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Derek followed up one of his most ambitious Eddie paintings, his Egyptian-themed Powerslave cover, with one of his most emotionally forceful. Iron Maiden was well and good ready for a world-beating live album, and the two-LP gatefold package Live After Death fit the bill triumphantly. On the cover, Eddie is literally bursting from the earth, seething with anger. As an often overlooked and pretty much inconsequential part of the stomach-turning turn of events, he's being zapped right on his cartouche with a lightning bolt. Maiden matched Derek's blue and red, throwback monochrome motif with a logo that was simply yellow with a dropout to menacing blue sky. Squinting and painting, Derek was up to his old tricks dropping in jokes for his own amusement and that of his and the band's literally millions of fans at this point.

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"The tombstone on the front with the Lovecraft quote, I just put it in. They didn't have any say in it. My suggestion for the title of the album was Let It R.I.P., as in Rest In Peace. But they didn't like that. I thought it was quite good, because it's something they never do, 'rest in peace.' Iron Maiden... get a life (laughs). It's not going to happen, you know? On the back, you've got Live With Pride on one of the tombstones; that was a slogan that was going around for live music or something. They asked me to put that on there. There were a lot of things against disco and lip-synching in those days."
"The cat is from way back," says Derek of the halo-topped kitty, also on the back cover, lower right. "That goes right back to Killers. Because it was an alleyway, it was an alley cat. So the cat was floating around for years, and I just stuck the halo on him and made him look sinister because, 'What's that all about?' Well, it's not about anything really — it's just a cat with a halo (laughs). I'm good at making things look unusual and sinister. There's this idea I came up with — to get people's attention, you've got to get people to look at something and wonder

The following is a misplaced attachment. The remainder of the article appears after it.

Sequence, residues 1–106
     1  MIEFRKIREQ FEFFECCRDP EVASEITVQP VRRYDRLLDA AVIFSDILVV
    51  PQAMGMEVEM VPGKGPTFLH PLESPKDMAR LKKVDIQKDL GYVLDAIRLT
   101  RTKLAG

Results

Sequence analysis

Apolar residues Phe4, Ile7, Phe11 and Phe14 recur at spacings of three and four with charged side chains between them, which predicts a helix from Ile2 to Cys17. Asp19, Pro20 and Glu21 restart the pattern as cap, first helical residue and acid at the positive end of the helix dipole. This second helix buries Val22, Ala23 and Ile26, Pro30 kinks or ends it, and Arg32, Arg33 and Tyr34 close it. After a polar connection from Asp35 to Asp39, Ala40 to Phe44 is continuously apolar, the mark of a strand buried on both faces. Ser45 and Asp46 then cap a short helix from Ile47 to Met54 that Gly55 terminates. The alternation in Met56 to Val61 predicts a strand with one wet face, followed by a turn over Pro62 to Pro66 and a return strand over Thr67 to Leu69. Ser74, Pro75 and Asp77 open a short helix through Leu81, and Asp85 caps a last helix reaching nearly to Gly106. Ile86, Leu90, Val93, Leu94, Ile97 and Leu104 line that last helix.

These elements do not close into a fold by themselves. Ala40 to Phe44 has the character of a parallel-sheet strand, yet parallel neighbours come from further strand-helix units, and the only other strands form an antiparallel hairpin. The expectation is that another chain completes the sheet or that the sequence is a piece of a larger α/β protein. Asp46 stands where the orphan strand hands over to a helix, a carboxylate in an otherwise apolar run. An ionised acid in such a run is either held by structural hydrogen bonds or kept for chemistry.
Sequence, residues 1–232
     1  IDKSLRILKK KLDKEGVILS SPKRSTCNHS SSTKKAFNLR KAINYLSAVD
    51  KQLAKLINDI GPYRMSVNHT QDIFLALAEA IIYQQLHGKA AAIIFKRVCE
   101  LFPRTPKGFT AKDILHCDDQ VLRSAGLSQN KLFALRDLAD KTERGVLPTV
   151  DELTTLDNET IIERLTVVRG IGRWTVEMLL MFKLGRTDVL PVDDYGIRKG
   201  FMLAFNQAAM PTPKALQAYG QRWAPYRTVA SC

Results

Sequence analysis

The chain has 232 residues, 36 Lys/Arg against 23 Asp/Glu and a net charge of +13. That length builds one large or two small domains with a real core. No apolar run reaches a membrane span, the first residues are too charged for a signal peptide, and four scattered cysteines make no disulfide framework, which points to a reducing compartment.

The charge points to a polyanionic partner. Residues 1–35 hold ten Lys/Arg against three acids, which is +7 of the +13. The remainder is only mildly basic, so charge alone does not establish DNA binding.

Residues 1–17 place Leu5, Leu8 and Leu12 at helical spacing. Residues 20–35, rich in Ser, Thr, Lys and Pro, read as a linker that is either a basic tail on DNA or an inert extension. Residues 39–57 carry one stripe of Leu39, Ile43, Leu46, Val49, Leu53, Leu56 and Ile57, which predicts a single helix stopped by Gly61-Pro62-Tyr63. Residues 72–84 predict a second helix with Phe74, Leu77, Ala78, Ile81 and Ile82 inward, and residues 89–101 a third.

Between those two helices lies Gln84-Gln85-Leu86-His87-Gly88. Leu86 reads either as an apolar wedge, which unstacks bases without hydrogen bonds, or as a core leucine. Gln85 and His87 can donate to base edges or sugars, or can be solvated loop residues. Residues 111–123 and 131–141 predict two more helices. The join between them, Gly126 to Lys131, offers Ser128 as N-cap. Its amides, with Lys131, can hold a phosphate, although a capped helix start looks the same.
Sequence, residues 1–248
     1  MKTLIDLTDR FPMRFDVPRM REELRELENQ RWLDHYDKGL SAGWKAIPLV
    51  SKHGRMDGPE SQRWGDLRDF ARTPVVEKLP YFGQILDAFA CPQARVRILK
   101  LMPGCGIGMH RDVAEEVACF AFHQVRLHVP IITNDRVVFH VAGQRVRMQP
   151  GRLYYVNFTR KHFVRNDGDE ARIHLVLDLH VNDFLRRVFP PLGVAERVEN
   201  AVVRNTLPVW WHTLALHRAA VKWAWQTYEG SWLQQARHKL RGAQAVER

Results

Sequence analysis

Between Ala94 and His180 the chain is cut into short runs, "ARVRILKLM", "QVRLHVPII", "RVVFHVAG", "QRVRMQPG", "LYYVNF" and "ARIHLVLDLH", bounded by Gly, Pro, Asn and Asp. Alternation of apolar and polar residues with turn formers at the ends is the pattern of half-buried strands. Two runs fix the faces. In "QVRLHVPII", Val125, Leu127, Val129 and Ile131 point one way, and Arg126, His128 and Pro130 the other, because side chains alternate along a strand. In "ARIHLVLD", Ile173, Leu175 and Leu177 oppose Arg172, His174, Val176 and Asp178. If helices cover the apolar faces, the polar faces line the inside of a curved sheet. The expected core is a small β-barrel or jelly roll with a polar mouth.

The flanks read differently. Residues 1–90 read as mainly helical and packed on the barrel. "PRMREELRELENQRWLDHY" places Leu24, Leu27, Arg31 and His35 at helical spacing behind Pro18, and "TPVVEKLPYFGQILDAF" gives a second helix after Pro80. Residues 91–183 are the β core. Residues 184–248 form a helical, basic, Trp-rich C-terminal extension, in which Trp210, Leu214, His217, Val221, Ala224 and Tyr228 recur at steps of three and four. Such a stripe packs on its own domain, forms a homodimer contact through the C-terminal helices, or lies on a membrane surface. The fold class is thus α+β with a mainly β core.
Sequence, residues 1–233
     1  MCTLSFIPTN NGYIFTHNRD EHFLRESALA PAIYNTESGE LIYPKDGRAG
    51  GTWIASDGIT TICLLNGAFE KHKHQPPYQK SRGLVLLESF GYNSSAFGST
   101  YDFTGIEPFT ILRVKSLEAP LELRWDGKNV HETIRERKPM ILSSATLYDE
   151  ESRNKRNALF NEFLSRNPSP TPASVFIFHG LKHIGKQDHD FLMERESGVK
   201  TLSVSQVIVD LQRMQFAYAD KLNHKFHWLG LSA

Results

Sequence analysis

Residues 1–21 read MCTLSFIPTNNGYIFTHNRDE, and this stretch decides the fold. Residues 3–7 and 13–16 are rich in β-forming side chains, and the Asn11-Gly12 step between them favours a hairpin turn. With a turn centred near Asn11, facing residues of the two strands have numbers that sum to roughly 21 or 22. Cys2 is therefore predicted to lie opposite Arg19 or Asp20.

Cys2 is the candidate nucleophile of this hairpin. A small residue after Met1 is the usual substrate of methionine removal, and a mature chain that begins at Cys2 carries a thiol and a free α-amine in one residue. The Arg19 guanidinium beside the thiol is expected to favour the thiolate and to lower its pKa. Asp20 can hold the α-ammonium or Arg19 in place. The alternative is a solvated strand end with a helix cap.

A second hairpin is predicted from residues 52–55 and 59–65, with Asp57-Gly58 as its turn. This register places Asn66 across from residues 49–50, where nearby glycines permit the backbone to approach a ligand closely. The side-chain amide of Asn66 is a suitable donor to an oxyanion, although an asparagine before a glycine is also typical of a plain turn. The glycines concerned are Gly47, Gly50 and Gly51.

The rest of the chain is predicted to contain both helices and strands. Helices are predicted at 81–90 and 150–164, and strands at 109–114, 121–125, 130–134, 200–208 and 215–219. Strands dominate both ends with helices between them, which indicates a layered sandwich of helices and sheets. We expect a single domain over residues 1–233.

what it's about. And the best way to make people wonder about something is to do something a little bit weird. It's not there because it's great, deep and meaningful. Its total reason for being there is to make you go, 'What's that there for?' That's all it's there for. That's its total reason for existence. To make you stop and go, 'What's that all about then?' The rose on the grave, Here Lies Derek Riggs, R.I.P. I killed myself. This thank you on the gravestone... do you know what that's about? Thank you on a gravestone: it's the Grateful Dead! (laughs). Here lies Faust in body only, because Faust sold his soul to the devil. Part of him is missing."

Live After Death is one of the rare covers that has a full-blown alternate piece of art lurking in its nether-zones. "Well, you see, it was wrong, in my opinion," explains Riggs. "They wanted Eddie coming out of the grave going 'Grrrr.' A figure coming straight towards you has no dynamics. It just looks static; you can't get movement side to side when it's coming straight at you. It doesn't really do much. So I was never really happy with that figure. It just wasn't really happening. But the background was more fun. You went across the graveyard and it had a little tiny Michael Jackson and dead people coming out of the grave, and in the background was, I think, the house from Psycho, on the hill. But then it was an oil painting, and it was pretty large."